A growing fuel glut that has hurt oil companies across Asia has now ensnared the world’s biggest processor. China Petroleum & Chemical Corp, known as Sinopec, plans to process less crude into fuels during the third quarter as ample supplies continue to weigh on margins, according to people with knowledge of the matter. While the cut in refinery throughput will be small when compared to overall production targets, it points to the challenging environment that processors face in light of increased competition, said the people. Any move by Sinopec to reduce its quarterly crude runs will be the company’s first such decision this year, said the people who asked not to be identified as the information is private. While official processing targets are known within the company, these figures are only made public on a retroactive basis. A Beijing-based spokesman for Sinopec declined to comment.
From South Korea to Taiwan, refiners are cutting or considering reducing run rates as profits shrink, stoking concerns about global demand as supply swells. China’s independent refiners, known as teapots, have already been impacted by waning fuel consumption as the trade dispute between Beijing and Washington crimps economic growth, while new mega-refineries boost output and brought the country’s total crude refining to a new high.“Sinopec could have been mulling the plan to reduce output a while ago, just when teapots were cutting runs across the board,” said Yuntao Liu, an analyst with Energy Aspects in London. The refiner “is big in scale” and it takes time for the company to make changes to its processing plans, Liu said. The company’s shares in Hong Kong dropped as much as 1.5% in early trade yesterday and were unchanged at HK$5.2. Its stocks in Shanghai edged down 1.2% after the opening today before revising.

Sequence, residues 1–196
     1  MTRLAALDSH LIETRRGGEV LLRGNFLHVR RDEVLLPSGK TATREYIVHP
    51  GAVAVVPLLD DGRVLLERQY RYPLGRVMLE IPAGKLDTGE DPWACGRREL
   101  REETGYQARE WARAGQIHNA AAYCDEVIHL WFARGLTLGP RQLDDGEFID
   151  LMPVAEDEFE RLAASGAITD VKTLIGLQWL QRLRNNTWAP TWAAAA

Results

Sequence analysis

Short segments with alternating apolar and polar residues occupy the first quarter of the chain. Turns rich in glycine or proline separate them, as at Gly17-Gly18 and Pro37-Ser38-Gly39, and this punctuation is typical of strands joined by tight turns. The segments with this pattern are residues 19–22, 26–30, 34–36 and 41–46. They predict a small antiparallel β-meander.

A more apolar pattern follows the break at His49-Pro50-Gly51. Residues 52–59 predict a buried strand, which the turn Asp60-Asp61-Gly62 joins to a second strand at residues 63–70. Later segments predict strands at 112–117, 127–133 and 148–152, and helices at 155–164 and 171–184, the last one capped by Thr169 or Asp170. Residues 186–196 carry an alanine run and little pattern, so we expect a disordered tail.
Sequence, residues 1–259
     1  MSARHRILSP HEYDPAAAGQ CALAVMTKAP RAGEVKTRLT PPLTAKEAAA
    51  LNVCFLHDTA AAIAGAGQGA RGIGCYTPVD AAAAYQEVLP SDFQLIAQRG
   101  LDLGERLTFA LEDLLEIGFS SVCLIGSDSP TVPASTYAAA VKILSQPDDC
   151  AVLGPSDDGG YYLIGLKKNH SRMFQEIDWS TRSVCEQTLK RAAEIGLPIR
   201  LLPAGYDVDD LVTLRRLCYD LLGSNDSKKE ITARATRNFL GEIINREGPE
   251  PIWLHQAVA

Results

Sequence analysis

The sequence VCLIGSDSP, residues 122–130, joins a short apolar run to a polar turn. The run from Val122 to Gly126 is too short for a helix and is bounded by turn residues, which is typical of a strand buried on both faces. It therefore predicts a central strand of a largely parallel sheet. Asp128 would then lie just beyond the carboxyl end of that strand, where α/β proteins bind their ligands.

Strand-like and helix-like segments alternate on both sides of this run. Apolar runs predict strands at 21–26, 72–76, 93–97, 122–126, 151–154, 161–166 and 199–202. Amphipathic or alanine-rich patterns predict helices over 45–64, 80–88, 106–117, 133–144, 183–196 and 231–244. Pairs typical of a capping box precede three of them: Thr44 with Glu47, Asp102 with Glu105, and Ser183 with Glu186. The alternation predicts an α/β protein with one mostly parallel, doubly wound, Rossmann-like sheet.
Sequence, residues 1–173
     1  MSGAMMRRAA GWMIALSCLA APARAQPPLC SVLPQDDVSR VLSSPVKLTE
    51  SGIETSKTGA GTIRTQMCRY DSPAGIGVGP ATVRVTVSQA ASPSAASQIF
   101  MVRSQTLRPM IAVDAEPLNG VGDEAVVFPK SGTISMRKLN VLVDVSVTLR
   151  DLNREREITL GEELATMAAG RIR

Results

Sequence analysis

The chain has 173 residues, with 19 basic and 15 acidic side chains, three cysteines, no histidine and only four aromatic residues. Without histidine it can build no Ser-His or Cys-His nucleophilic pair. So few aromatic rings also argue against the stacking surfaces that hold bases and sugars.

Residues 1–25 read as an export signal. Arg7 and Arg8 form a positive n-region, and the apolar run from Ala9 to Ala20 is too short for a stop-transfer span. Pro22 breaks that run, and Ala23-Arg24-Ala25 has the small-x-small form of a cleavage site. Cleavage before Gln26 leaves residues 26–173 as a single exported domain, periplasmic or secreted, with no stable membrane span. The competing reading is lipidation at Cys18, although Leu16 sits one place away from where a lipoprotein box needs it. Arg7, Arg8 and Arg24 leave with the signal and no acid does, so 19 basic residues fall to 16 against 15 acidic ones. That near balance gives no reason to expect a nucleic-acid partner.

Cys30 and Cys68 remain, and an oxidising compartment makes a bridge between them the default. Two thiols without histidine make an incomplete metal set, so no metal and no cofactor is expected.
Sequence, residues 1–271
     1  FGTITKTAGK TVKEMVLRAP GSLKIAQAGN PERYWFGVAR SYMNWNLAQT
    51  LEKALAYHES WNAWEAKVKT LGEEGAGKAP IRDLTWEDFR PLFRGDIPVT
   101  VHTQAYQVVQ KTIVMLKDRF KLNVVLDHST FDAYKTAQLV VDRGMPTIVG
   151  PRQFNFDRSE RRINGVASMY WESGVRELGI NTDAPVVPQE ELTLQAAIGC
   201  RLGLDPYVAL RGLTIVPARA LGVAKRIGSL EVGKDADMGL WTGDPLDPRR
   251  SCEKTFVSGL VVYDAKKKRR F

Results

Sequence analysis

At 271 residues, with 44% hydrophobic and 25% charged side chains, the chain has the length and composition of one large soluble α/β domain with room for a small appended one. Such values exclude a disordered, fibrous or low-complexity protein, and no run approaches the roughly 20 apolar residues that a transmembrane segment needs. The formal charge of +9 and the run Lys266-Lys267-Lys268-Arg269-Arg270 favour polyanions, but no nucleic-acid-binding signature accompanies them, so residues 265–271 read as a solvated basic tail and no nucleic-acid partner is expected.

Sinopec, the world’s largest refiner by capacity, may reduce throughput by 3.6mn tonnes during the third quarter, Li Li, an analyst with ICIS-China in Guangzhou, said on Thursday. The industry consultant estimates Sinopec’s crude throughput at about 58mn tonnes in the July to September period.The company refined 61.78mn tonnes of crude in the first quarter and plans to process a total of 246mn tons this year, up from 244mn in 2018, according to filings to the Shanghai Stock Exchange. Impending ship fuel rules and weaker gasoline prices due to a surge in supply and a price war at Chinese retail filling stations has also prompted Sinopec to produce more diesel and less gasoline during the third quarter, said the people, who declined to elaborate on volumes. Hengli Petrochemical Co’s new mega-refinery in Dalian has been running at full capacity and was offering gasoline at about 5,300 yuan ($770) a tonne after taxes in mid-June, 10% lower than its independent rivals in the region, according to consulting firm JLC.
Some retail stations were discounting gasoline in Hangzhou by as much as 25% and 92-RON gasoline was sold as low as about 5 yuan per litre, according to a June report from state television CCTV. China’s daily refining rose to a record 13.12mn barrels a day last month as processors restarted units after peak maintenance and Hengli increased run rates in the new plant, according to Bloomberg calculations based on the official data. Daily refining increased 7% from May to the highest level in data compiled since September 2012, the figures released yesterday showed. Industry consultant SCI99 estimates that Sinopec processed 4.74mn barrels a day of crude in June, the lowest since March. Rival PetroChina Co, on the other hand, processed 3.11mn barrels a day last month, the lowest since August, its data showed.
Sources and photo-credits: Gulf Times, Bloomberg